Re: Waco: Govt Set Fire

Robert J. Bradbury (
Sat, 11 Sep 1999 14:48:24 -0700 (PDT)

On Sat, 11 Sep 1999, Ian Goddard wrote:

> So I
> watched the FLIR, which rotates around the
> Center dozens of times, and there are *never*
> any sunlight reflections in the water from
> any angle. This is an ideal reflection-test
> that basically proves that the FLIR did not
> pick up sunlight reflections that a regular
> camera did. This makes sense if you think
> about it. The beam of sunlight coming off a
> body sitting in the sun is not itself going
> to be a lot (or any) hotter than the body
> itself, and the FLIR only sees hot/cool.
> I believe that that observation does fatal
> damage to the sunlight-reflection theory
> regarding the obvious gun-muzzle flashes.
I think you need to study some physics about light, heat and reflections.

The infrared enegy coming off of an object sitting in the sun can be *alot* greater than the infrared energy it receives. The object absorbs the visible light energy and re-emits it in the infrared. Why do you think black tar or sand gets *hot*? The amount of IR emitted by the object is going to be proportional to its absorbance of other frequencies.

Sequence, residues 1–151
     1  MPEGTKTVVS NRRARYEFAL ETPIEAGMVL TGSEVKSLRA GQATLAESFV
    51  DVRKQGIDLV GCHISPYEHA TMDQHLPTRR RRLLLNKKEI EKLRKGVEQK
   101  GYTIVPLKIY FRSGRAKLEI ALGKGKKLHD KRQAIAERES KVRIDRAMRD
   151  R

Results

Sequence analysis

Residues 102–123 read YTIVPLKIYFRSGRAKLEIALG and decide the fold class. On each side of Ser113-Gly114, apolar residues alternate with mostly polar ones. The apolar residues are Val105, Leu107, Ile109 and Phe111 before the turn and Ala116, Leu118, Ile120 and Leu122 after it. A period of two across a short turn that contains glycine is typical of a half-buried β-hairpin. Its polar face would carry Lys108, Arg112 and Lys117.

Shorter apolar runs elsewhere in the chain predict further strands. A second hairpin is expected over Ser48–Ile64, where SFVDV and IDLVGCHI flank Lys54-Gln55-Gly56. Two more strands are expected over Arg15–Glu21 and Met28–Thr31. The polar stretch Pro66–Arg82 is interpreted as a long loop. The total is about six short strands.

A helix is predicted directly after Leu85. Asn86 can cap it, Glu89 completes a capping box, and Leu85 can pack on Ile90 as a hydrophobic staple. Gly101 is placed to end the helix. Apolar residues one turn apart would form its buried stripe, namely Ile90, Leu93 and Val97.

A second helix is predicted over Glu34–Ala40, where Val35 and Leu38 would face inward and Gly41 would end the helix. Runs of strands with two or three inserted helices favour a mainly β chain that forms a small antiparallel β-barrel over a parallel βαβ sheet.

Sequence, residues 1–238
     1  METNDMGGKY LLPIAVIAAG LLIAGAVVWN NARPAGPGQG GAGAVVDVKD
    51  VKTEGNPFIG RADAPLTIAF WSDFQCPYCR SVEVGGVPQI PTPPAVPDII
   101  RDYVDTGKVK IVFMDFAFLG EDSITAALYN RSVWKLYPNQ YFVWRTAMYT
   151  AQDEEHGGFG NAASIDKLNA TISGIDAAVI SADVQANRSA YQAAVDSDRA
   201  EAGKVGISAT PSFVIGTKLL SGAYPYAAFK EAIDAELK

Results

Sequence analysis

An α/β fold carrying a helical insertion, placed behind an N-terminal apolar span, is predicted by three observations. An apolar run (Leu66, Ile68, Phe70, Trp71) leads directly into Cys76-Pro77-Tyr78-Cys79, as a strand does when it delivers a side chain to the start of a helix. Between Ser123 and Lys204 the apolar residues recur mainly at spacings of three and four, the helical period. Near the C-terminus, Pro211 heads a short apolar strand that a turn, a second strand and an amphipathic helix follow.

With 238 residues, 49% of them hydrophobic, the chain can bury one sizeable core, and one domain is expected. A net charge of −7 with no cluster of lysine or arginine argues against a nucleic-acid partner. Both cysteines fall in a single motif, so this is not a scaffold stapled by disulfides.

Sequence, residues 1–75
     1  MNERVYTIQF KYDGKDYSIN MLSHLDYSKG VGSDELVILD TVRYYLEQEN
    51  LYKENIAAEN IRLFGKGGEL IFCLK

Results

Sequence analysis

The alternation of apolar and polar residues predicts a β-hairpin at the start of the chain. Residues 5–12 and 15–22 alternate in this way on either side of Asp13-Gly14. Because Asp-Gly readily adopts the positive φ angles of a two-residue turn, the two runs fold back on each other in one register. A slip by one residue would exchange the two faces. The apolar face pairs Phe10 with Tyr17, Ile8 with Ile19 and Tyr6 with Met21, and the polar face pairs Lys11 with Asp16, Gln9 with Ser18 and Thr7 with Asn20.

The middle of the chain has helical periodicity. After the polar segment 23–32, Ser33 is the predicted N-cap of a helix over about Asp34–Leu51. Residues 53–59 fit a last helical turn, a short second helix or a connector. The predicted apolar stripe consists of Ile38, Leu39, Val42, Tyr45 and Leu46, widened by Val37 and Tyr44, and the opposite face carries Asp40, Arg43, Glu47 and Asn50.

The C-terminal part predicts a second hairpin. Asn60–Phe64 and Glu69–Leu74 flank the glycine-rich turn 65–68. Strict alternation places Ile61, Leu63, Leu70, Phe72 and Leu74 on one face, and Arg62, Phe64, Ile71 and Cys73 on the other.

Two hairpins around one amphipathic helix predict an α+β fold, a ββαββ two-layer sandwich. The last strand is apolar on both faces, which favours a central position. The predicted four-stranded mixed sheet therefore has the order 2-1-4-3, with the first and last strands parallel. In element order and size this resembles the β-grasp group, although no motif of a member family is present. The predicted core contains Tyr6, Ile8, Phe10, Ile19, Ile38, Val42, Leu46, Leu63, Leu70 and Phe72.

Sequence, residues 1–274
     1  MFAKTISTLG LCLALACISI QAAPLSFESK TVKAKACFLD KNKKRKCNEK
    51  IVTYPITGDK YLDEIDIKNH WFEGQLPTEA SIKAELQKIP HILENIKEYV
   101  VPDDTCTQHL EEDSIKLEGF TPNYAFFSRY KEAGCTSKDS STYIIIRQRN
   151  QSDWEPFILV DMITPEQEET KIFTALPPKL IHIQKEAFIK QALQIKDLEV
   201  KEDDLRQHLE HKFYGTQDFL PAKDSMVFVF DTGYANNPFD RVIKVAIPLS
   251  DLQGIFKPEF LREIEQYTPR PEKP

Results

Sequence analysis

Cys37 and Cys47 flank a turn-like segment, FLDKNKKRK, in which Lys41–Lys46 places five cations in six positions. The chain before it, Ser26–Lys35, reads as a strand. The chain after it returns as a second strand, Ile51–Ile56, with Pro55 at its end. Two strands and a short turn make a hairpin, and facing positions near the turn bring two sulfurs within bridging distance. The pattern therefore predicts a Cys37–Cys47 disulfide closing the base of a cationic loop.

This gets confused by reflections which depend on the angle of the light source to the material and the reflectivity (complement of absorbance).

The only case you would get a reflection from the water is if the angle of the sun to the water to the camera was precisely the angle required for a reflected image. If the sun is directly overhead or at a low angle, it is unlikely that you would see any reflections.

The only case a "beam of sunlight" comes off of an object sitting in the sun is when that object is a mirror or happens to be ~white. All other color objects reflect on the color they appear to be and absorb all other colors.


I would leave the determination of reflections vs. gun muzzle flashes to people who are trained to interpret FLIR images.